Self-funded MRes opportunity Fluctuations in the North Atlantic Ocean circulation from the last glaciation to modern day
This opportunity is now closed.
Knowledge of past deep-ocean current speeds has the potential to inform our understanding of changes in the climate system on glacial-interglacial timescales as these may be used to help constrain changes in deep-ocean circulation rates and pathway. The Rockall Trough, a deep water basin offshore Ireland and UK, is known to be the pathway for the exchange of water masses in the North Atlantic (New & Smythe-Wright, 2001), but limited data exists to date on the changes in ocean circulation over time in this part of the Atlantic Ocean. Previous works on deep-water sedimentation in the region have recognised the presence of thick sediment bodies related to the flow of deep-ocean currents, including the Feni Drift and contouritic deposits on the eastern side of the Rockall Trough (Stoker, 1998).
Proxies obtained from deep-water sediment cores, such as the mean size and percentage of sortable silt, can be used to assess the variations in the speed of bottom currents (Mao et al., 2018; Spooner et al., 2018).
This project will utilise a series of sediment cores from the continental slope and deep Rockall Trough, for which a chronostratigraphy is already established, to investigate fluctuations in current vigour using grain size measurements with a focus on the sortable silt fraction.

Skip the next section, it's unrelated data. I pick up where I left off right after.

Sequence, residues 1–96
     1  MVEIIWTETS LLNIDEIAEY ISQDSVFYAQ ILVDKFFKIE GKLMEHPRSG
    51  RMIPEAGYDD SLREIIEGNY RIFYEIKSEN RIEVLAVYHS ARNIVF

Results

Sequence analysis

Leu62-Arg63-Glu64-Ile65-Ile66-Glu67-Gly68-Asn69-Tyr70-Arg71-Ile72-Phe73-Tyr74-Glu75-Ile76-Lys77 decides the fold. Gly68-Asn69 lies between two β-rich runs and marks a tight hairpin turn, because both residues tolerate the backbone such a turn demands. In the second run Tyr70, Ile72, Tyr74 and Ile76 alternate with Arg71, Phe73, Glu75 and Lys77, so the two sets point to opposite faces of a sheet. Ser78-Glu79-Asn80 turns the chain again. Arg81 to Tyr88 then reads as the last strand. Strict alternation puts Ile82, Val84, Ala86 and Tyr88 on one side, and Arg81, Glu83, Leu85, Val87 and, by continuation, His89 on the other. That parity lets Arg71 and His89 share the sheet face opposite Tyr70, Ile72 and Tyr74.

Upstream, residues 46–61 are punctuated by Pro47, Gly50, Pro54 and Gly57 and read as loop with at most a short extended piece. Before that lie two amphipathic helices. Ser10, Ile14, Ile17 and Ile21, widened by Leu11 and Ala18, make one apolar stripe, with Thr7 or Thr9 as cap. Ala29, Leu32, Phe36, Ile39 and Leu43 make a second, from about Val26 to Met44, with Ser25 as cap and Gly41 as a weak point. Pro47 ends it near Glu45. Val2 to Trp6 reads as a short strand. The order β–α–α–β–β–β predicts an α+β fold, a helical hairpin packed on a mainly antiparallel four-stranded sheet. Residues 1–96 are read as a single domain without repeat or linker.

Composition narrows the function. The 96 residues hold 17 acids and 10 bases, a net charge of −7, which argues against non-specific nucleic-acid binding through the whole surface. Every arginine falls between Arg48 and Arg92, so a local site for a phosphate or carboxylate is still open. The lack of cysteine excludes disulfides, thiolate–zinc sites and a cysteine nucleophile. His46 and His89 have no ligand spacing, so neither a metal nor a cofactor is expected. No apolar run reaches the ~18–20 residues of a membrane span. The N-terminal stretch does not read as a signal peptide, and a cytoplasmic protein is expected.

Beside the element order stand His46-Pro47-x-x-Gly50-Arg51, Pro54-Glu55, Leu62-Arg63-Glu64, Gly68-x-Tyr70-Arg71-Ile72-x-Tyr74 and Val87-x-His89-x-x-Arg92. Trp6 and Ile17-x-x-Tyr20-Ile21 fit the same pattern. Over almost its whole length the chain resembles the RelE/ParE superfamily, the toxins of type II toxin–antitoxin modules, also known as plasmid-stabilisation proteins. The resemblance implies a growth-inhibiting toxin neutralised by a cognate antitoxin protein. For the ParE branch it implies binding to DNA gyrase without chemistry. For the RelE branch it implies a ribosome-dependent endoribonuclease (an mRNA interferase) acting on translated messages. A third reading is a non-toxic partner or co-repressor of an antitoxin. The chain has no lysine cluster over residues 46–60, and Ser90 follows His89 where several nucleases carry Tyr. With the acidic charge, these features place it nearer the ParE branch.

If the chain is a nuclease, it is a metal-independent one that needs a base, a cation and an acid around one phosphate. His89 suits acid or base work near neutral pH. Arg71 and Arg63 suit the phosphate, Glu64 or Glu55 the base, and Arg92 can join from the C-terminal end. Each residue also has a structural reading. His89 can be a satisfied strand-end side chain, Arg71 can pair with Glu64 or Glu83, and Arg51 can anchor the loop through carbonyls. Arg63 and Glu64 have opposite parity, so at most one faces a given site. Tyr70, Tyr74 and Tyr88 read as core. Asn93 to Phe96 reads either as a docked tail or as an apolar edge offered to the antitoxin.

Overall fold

The project is suitable for a self-motivated applicant with Earth Science, Geology, Geography, Environmental Science or Marine Science background, with capacity to learn new analytical techniques and basic statistical analysis.
Mao L., Piper D.J.W., Saint-Ange F., & Andrews J.T. (2018). Labrador Current fluctuation during the last glacial cycle. Marine Geology, 395: 234-246.
New A.L. & Smythe-Wright D. (2001). Aspects of the circulation in the Rockall Trough. Continental Shelf Research 21: 777–810
Spooner P. T., Thornalle, D. J. R., & Ellis, P. (2018). Grain size constraints on glacial circulation in the Southwest Atlantic. Paleoceanography and Paleoclimatology, 33,21–30. https://doi. org/10.1002/2017PA003232
Stoker M.S. (1998). Sediment-drift development on the continental margin off NW Britain. Geological Society, London, Special Publications 1998; v. 129; p. 229-254 doi:10.1144/GSL.SP.1998.129.01.15
- Upper Second Class Honours (2:1) Degree or equivalent from a UK institution (or overseas award deemed to be equivalent via UK NARIC)
If the University receives a large number of applicants for the project, the following desirable criteria may be applied to shortlist applicants for interview.
- First Class Honours (1st) Degree
- Practice-based research experience and/or dissemination
- Experience using research methods or other approaches relevant to the subject domain
- Work experience relevant to the proposed project
- Experience of presentation of research findings
This is a self-funded MRes opportunity.
The Doctoral College at Ulster University
Launch of the Doctoral College
Current PhD researchers and an alumnus shared their experiences, career development and the social impact of their work at the launch of the Doctoral College at Ulster University.Watch Video
I would highly recommend Ulster University as you get so much support. Coleraine is a beautiful town and the people are so friendly. It was a really positive experience.
Carin Cornwall - PhD Environmental SciencesWatch Video